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CSU-and-CFA-Agree-to-One-Year-Contract-Extension.aspx
  
5/22/2020 11:13 AMSalvador, Christianne5/22/20205/22/2020 11:05 AMThe CSU and the California Faculty Association (CFA) have agreed to extend all current terms of the collective bargaining agreement through June 30, 2021. EmployeesPress Release

The California State University (CSU) and the California Faculty Association (CFA) have agreed to extend all current terms of the collective bargaining agreement through June 30, 2021. The extension does not include a general salary increase. CFA represents 28,000 professors, lecturers, librarians, counselors and coaches throughout the university.

“Our world-class faculty members have demonstrated extraordinary dedication to our students and to fulfilling the university's academic mission under very trying times. Our 130,000 graduates across 23 campuses this spring bear witness to this remarkable and ongoing commitment," said CSU Chancellor Timothy P. White. “This contract certainty will ensure that we continue to collectively work to provide students with an outstanding educational experience in the coming academic year."

“We are pleased that we were able to collaborate with the Chancellor's team to craft an extension that protects the rights our members enjoy in the Collective Bargaining Agreement. Some important programs are extended for tenure line faculty, lecturers, and faculty who serve the students of the CSU, including students of color who bear the brunt of the inequities of this world, first generation college students, LGBTQI+ students, and the immigrants and dreamers who are left out of many of the COVID-19 relief efforts. Now more than ever, our students need us focused on them and not on a contract battle. In the meantime, we will continue to advocate for faculty working conditions in and outside of the classrooms," said Charles Toombs, CFA President and Professor of Africana Studies at San Diego State University.

# # #

About the California State University
The California State University is the largest system of four-year higher education in the country, with 23 campuses, 53,000 faculty and staff and 482,000 students. Half of the CSU's students transfer from California community colleges. Created in 1960, the mission of the CSU is to provide high-quality, affordable education to meet the ever-changing needs of California. With its commitment to quality, opportunity, and student success, the CSU is renowned for superb teaching, innovative research and for producing job-ready graduates. Each year, the CSU awards more than 127,000 degrees. One in every 20 Americans holding a college degree is a graduate of the CSU and our alumni are 3.8 million strong. Connect with and learn more about the CSU in the CSU NewsCenter.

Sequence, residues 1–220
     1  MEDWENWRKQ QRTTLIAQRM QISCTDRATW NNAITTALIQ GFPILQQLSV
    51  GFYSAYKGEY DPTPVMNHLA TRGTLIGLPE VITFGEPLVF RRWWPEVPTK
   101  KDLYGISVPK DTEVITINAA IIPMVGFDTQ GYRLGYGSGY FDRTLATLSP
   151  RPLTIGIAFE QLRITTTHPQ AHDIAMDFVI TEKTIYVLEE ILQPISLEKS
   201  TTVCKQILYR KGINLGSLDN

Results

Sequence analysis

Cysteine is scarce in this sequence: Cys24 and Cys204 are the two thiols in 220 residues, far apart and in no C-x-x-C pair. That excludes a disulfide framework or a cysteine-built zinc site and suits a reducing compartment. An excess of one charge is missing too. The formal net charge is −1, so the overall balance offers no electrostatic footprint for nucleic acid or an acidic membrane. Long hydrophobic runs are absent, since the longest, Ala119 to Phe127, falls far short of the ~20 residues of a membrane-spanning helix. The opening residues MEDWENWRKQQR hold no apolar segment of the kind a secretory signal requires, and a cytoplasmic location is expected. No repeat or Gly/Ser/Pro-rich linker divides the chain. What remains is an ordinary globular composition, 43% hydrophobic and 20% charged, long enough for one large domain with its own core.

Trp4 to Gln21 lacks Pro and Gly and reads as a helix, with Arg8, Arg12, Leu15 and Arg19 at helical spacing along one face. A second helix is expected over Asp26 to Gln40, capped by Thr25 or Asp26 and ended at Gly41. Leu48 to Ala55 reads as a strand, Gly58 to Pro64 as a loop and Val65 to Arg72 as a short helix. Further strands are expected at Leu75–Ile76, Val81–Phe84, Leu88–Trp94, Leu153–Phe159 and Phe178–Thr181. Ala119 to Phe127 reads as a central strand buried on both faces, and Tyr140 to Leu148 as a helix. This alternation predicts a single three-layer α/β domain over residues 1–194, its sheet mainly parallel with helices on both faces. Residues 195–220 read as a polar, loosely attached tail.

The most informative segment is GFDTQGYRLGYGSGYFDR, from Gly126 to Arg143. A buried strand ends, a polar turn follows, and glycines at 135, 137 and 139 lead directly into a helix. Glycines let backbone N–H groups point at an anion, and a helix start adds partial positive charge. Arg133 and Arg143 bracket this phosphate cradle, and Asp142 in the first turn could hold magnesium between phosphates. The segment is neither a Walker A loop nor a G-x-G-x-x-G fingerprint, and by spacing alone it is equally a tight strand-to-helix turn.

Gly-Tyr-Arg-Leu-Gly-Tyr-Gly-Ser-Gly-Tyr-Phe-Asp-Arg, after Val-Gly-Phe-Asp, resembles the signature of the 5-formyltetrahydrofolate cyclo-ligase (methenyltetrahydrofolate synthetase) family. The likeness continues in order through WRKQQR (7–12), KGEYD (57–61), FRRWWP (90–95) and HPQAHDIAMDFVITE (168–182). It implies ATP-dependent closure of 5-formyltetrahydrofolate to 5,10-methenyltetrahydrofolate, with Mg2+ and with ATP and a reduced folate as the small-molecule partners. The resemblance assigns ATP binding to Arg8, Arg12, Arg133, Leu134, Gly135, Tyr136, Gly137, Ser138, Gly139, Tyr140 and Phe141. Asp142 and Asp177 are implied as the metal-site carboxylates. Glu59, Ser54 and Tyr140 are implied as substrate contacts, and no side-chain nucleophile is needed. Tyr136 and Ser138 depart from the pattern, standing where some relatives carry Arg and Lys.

CSU and CFA Agree to One-Year Contract Extension
CSU-Reaches-Two-Year-Extension-with-CSUEU.aspx
  
5/18/2020 2:09 PMSalvador, Christianne5/18/20205/18/2020 1:50 PMThe CSU has reached an agreement on a two-year extension of the current terms of the collective bargaining agreement with the California State University Employees Union (CSUEU).EmployeesPress Release

The California State University (CSU) has reached an agreement on a two-year extension of the current terms of the collective bargaining agreement with the California State University Employees Union (CSUEU). The agreement does not include salary increases and will extend the contract through June 30, 2022. CSUEU represents 16,000 CSU employees working in areas including information technology, healthcare, clerical, administrative and academic support, campus operations, grounds and custodial.

“I am especially proud of the work that our staff members have done to help the university quickly pivot to virtual operations in a very short period of time. Their hard work and dedication to ensuring student success and maintaining the CSU's operations have been invaluable," said CSU Chancellor Timothy P. White. “In very uncertain times, this agreement will provide a measure of certainty for many of our valued employees."

“This extension agreement provides labor-management stability at a time of great uncertainty. CSUEU and CSU believe a secure contract environment will enable continued partnership in dealing with pandemic-related issues. We have separate perspectives, but we share a common goal of protecting the university, students' access to a better education, and the employees who make it possible. Campus staff are essential to the mission of the California State University, and we will continue bargaining for their important workplace roles," said Neil Jacklin, CSUEU President.

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About the California State University